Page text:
The panel was asked to comment on market trends towards larger cigars. "There was a time five years ago [in Cuba] when everyone wanted to buy double coronas and Churchills," recalled Suckling, "and particularly in about 1995-'96, there was a real shortage, and if Hoyo de Monterrey or Punch Double Coronas came in, they would be bought up right away. I know there was some billionaire from Canada who would send his private jet down to Havana to load up when he heard that they were available." The high demand led to overproduction in Cuba and a subsequent overstock.

Mott spoke of cigar trends not only in terms of size, but also in terms of flavor. "Cigars certainly over the last 10 years, many have gotten a lot stronger, a lot fuller bodied. There've been changes in sizes people tried; many [companies] put out large ring gauge cigars. I think what that illustrates very clearly is that the cigar manufacturers are listening to the people in the market."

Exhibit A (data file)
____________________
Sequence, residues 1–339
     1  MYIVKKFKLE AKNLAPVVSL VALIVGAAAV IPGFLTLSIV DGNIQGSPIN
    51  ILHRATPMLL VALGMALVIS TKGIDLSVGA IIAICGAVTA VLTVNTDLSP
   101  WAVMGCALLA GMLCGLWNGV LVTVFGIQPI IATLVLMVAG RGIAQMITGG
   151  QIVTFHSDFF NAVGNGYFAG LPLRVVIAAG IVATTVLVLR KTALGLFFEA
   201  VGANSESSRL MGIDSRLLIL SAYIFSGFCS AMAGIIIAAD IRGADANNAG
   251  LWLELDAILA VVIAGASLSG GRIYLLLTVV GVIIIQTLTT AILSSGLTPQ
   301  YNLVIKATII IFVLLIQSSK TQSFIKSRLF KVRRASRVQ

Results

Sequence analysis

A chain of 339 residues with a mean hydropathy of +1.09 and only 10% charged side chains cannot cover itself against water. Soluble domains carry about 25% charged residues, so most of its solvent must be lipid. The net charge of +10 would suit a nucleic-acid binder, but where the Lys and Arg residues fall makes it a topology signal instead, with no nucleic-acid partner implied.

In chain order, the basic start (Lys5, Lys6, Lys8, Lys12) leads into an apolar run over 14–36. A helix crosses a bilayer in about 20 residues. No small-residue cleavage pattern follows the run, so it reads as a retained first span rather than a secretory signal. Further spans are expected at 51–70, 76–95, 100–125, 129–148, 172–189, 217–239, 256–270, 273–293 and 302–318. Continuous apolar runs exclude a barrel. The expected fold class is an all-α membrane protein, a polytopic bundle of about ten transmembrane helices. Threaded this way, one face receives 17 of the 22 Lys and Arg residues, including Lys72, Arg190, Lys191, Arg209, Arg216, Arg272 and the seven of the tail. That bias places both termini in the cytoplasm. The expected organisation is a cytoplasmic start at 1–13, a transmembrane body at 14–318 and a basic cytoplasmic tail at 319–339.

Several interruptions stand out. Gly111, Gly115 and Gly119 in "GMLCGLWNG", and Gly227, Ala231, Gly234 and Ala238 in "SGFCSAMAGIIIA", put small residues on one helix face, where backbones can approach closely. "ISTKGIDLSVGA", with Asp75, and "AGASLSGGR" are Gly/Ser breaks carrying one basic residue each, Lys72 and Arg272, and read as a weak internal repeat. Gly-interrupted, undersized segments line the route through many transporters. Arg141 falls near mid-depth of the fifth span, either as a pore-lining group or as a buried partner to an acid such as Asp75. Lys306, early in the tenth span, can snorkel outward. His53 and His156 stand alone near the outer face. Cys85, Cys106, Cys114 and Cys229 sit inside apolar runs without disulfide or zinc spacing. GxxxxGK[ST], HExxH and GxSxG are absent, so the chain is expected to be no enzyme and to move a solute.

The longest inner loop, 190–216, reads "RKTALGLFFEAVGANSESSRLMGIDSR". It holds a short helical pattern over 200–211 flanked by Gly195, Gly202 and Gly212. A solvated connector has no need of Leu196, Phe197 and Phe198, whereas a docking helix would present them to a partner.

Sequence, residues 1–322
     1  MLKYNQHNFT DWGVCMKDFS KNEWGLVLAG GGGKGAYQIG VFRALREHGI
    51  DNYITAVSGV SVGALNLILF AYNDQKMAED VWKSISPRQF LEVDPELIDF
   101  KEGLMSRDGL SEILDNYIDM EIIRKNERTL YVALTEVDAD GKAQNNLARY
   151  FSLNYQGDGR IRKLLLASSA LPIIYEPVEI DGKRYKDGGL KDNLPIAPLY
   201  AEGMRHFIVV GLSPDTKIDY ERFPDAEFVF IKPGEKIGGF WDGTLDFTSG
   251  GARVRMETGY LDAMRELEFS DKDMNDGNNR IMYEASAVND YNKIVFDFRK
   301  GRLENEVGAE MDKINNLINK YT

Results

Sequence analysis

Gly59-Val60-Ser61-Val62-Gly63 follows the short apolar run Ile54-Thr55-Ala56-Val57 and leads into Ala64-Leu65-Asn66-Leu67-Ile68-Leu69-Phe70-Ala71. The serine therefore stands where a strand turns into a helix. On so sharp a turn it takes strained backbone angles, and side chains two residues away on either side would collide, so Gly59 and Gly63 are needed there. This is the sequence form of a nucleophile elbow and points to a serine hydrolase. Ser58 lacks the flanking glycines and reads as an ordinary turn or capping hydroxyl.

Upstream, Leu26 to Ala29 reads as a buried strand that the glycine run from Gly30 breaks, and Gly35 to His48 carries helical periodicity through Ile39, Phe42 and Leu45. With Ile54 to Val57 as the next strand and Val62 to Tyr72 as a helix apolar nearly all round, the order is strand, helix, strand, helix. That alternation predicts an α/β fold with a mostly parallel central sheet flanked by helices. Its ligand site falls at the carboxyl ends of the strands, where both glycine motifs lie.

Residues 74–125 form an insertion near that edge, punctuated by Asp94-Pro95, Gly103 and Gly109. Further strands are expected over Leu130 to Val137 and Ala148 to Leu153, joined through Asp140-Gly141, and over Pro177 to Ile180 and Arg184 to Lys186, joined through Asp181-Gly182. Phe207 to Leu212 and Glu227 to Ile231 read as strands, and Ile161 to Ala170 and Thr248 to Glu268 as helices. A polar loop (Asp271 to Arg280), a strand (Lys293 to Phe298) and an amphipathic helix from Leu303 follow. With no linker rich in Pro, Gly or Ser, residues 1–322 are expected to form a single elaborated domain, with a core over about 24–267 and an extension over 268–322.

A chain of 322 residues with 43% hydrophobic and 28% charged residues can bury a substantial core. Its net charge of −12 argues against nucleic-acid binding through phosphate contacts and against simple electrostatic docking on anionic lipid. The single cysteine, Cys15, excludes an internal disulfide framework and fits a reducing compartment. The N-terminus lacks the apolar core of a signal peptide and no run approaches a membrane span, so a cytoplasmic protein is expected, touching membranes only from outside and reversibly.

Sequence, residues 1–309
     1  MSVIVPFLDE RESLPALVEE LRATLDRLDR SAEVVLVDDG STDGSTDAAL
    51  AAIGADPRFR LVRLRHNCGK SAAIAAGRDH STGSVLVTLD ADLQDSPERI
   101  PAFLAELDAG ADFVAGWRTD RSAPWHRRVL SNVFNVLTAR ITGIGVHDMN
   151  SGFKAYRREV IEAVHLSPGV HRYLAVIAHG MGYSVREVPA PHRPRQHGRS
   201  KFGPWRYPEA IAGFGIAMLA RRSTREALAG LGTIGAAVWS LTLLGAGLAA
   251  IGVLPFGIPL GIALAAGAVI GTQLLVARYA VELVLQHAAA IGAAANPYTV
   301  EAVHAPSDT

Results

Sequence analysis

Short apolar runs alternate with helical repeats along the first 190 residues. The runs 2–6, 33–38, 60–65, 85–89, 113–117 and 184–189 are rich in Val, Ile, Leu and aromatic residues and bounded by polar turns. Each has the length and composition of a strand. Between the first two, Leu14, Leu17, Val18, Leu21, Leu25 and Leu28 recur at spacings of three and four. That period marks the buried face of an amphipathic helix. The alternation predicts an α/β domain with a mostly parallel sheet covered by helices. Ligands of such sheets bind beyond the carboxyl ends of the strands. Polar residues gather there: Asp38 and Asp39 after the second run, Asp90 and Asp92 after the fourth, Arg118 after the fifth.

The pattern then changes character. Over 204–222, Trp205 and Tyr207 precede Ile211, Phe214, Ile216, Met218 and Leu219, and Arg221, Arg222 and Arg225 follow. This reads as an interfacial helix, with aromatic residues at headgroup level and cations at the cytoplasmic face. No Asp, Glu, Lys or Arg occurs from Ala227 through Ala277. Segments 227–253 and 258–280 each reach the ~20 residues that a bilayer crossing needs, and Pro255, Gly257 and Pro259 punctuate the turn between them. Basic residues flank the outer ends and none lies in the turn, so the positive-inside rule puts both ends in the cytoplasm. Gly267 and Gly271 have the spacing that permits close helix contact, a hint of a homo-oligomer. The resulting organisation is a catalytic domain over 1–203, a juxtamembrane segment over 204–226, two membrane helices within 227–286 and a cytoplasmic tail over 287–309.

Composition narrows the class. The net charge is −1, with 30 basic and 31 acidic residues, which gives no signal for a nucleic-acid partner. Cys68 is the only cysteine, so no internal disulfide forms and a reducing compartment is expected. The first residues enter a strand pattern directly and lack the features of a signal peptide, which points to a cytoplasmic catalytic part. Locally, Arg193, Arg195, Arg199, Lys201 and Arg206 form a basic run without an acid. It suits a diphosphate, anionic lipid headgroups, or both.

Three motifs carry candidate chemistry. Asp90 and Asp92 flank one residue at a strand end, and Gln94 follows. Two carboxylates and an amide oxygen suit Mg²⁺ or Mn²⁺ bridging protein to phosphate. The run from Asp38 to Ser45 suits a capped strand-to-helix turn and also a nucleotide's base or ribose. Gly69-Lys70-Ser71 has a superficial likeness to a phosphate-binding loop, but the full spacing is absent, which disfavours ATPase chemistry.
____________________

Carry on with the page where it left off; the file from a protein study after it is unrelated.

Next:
Suckling shifted the subject to smoking bans in Europe and in general. "I think it's interesting that there's a decline of places to smoke in America, yet the industry continues to speak about a mini-boom going on right now, more people are smoking cigars, and I think that's really the spirit of America. In the end, we're going to do what we enjoy and the government can't stop us."

The issues of ashing a cigar and frequent puffing were raised. "If you're going to draw a cigar every five seconds and put up huge clouds of smoke off the end, and really get the ash and embers hot, that will change the nature of the cigar," offered Mott. The panel unanimously agreed that smoking slowly and leaving the ash on for as long as possible will cause the cigar to burn cooler and taste better.